Understanding Vitamin A

There are 13 essential vitamins your body needs to stay in good health. Each of these performs a specific role in your growth and development and keeps diseases at bay. For these vitamins to perform their intended function, you need to take them in the recommended quantities every day.

Vitamins A is one of the less-heralded members of the vitamin family, known only for its contribution to improved eyesight. But there are many more reasons you should make vitamin A an irreplaceable part of your daily diet.

What is Vitamin A?

Before diving into its benefits, it will help to get an understanding of what this essential vitamin is and the components comprising it. Vitamin A is made up of several fat-soluble compounds known as retinoids, which include retinal and retinol. You can ingest this vitamin in two forms: provitamin A carotenoids and preformed vitamin A.

Both are present in a variety of different foods, not just carrots. Among the provitamin A carotenoids are alpha-carotene and beta-carotene, the latter of which is considered the most important. Both these elements are found in plants, and the body converts them to vitamin A when you ingest them. Preformed vitamin A is found in plants, meat, fish, and dairy products.

What Does it Do?

So you now know what vitamin A is composed of, but you’re probably more interested in what benefits this vitamin has in store. Chances are you heard your mom say that carrots are good for your eyesight; there’s a lot of truth to that. It forms a vital part of rhodopsin, the protein that absorbs light in the retinal receptors. It also supports the development of the cornea and other parts of the eye.

But improving your vision is not vitamin A’s only role in your body. It also has a hand in the development of other organs, including your kidneys, lungs, and heart. Vitamin A plays a role in keeping life-threatening conditions like cancer and heart disease at bay. It has antioxidant properties that combat the harmful free radicals that bring about terminal illnesses.

Vitamin A has gained some prominence in the skincare world for its work in fighting wrinkles and acne. This vitamin is also thought to reduce the chances of birth defects in newborns.

Where Can You Get It?

If you’re not particularly fond of carrots, you’ll be glad to hear this root is not the only source of vitamin A. Milk, yogurt, and cheese are some of the dairy products where you will find vitamin A. The vitamin is also present in eggs and oily fish. Liver and liver products are known to be rich sources of vitamin A.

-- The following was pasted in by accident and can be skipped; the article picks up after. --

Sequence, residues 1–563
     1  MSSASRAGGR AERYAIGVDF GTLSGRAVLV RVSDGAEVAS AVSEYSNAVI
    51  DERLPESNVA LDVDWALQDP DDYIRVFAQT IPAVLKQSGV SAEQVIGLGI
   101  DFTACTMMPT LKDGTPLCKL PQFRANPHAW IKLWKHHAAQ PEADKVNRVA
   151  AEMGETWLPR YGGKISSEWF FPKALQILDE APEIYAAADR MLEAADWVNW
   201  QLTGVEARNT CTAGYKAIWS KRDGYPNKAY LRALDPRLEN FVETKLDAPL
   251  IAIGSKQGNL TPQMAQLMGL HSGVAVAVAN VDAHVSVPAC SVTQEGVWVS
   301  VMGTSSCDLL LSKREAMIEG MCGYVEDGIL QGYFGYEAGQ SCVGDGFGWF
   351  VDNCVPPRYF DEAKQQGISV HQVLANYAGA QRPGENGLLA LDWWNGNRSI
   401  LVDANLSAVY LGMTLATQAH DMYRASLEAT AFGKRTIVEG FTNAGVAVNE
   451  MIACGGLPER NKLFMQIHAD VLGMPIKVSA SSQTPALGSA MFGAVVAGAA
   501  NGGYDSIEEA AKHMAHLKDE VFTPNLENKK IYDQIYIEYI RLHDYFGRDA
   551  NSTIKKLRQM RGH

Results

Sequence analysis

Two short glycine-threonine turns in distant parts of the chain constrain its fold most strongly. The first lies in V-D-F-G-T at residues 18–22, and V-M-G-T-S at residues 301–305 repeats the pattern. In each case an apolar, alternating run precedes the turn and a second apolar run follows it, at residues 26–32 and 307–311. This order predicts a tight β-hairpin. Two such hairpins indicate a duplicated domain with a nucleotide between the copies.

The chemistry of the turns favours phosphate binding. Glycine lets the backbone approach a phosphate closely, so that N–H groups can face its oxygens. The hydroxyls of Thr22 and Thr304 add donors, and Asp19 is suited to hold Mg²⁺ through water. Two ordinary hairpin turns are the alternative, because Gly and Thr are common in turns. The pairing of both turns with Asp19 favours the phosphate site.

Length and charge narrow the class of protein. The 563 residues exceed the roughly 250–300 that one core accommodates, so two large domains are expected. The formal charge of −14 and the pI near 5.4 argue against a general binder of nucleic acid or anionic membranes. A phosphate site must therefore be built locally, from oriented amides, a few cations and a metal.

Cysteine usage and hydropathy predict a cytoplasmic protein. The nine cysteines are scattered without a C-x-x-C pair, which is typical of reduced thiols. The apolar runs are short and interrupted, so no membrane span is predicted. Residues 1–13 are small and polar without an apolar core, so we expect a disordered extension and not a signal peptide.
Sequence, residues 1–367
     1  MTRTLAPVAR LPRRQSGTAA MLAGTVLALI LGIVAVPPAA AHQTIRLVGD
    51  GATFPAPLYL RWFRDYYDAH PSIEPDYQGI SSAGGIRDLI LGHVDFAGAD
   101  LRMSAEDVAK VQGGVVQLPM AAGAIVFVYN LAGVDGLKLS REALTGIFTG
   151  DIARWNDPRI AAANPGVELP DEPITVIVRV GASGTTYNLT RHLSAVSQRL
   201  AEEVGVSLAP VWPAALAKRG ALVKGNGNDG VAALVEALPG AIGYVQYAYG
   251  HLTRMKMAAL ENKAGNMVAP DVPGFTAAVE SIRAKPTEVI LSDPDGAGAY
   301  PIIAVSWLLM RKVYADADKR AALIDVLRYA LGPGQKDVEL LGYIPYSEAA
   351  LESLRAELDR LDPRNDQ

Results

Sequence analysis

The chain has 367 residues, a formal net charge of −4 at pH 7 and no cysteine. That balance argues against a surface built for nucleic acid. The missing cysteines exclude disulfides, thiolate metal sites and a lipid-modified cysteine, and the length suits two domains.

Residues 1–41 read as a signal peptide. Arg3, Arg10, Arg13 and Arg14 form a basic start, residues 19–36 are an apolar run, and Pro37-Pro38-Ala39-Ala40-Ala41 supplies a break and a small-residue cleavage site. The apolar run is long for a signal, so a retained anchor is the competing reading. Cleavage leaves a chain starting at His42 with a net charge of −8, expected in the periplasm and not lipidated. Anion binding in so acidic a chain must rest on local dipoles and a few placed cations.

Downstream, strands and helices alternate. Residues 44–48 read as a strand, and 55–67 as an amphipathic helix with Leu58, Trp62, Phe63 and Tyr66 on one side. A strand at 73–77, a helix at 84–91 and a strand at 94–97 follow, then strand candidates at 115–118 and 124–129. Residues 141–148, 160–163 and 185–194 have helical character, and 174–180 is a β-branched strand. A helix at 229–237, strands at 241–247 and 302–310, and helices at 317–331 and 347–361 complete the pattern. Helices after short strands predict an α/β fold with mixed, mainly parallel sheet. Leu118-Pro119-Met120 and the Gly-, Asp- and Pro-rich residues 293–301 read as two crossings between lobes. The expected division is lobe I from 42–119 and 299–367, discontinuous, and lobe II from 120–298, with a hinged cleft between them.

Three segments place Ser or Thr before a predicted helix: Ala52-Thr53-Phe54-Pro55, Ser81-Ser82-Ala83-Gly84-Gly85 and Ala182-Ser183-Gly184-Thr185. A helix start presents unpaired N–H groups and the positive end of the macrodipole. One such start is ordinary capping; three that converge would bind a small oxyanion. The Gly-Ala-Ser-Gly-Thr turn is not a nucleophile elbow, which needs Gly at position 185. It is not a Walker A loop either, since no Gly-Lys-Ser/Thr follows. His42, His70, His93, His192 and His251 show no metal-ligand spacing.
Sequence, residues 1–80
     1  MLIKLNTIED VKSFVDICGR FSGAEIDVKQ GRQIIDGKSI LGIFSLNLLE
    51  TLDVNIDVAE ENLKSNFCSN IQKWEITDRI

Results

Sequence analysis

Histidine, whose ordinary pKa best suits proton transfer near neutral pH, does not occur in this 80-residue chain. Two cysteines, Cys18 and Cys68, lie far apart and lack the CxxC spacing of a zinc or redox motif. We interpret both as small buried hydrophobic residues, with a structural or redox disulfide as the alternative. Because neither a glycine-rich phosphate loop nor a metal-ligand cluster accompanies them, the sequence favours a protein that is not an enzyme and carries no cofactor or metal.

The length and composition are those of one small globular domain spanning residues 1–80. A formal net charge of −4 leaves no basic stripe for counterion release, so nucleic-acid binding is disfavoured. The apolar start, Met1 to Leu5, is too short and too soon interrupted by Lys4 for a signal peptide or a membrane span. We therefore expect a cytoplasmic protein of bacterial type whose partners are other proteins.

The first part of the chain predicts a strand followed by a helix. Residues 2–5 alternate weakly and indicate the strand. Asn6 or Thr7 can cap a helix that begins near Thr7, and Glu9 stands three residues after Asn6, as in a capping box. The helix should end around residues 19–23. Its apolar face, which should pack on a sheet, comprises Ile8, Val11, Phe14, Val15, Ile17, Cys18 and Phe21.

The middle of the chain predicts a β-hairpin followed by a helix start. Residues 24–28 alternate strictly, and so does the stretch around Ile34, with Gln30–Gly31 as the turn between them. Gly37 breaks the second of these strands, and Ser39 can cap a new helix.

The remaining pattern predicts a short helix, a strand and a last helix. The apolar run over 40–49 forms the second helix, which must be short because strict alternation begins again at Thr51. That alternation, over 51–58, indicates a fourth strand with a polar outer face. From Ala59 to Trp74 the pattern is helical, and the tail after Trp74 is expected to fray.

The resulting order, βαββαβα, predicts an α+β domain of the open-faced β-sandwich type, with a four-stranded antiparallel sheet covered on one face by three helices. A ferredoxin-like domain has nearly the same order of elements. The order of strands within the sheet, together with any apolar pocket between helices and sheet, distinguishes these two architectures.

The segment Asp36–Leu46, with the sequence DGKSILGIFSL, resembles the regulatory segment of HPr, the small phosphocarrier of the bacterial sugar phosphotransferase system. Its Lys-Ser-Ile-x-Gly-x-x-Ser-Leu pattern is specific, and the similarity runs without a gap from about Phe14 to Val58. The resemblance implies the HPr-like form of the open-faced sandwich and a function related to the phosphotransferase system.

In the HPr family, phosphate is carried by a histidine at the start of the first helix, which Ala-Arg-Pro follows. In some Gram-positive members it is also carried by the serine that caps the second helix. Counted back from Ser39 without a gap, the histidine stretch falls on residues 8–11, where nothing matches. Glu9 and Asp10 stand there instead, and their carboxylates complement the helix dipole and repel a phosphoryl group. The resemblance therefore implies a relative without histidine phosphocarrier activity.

If you’re vegan, don’t worry, there are other vitamin A options available. You can find it in yellow and red vegetables such as carrots and red peppers. You can also get your vitamin A quota from sweet potatoes and leafy vegetables. Vitamin A can also be found in a selection of fruits, including papaya and mangoes.

Should these dietary sources not quite meet your daily vitamin A requirements, you can get it from various vitamin A supplements. If you find it hard to swallow capsules, you can consume a chewable vitamin A gummy once a day.

How Much Do You Need?

Beneficial as vitamin A is, there is such a thing as too much vitamin A; and it can be detrimental to your health. Taking too little of it, on the other hand, means you’re depriving yourself of the vitamin’s many benefits. Experts recommend that women take 700mcg and men take 900mcg of vitamin A every day. Taking more than 3,000mcg will put you at risk of suffering toxicity.

Since vitamin A is a fat-soluble vitamin stored in the body, this toxicity can build up over the short or long term. Chronic vitamin A toxicity symptoms include joint pains, low appetite, impeded vision, dry skin, jaundice, and low appetite. If you rely on supplements or liver intake for your vitamin A, you need to be especially careful not to exceed the recommended quantities.

Vitamin A is Essential

Vitamin A is an essential component in the development of your body. It helps fight disease, boosts the growth of your organs, and helps give you good eyesight. You, therefore, need to ensure that your body gets vitamin A in the right quantities every day. If that means reaching for supplements, do so. The good news is that you can have your supplement in a palatable form.


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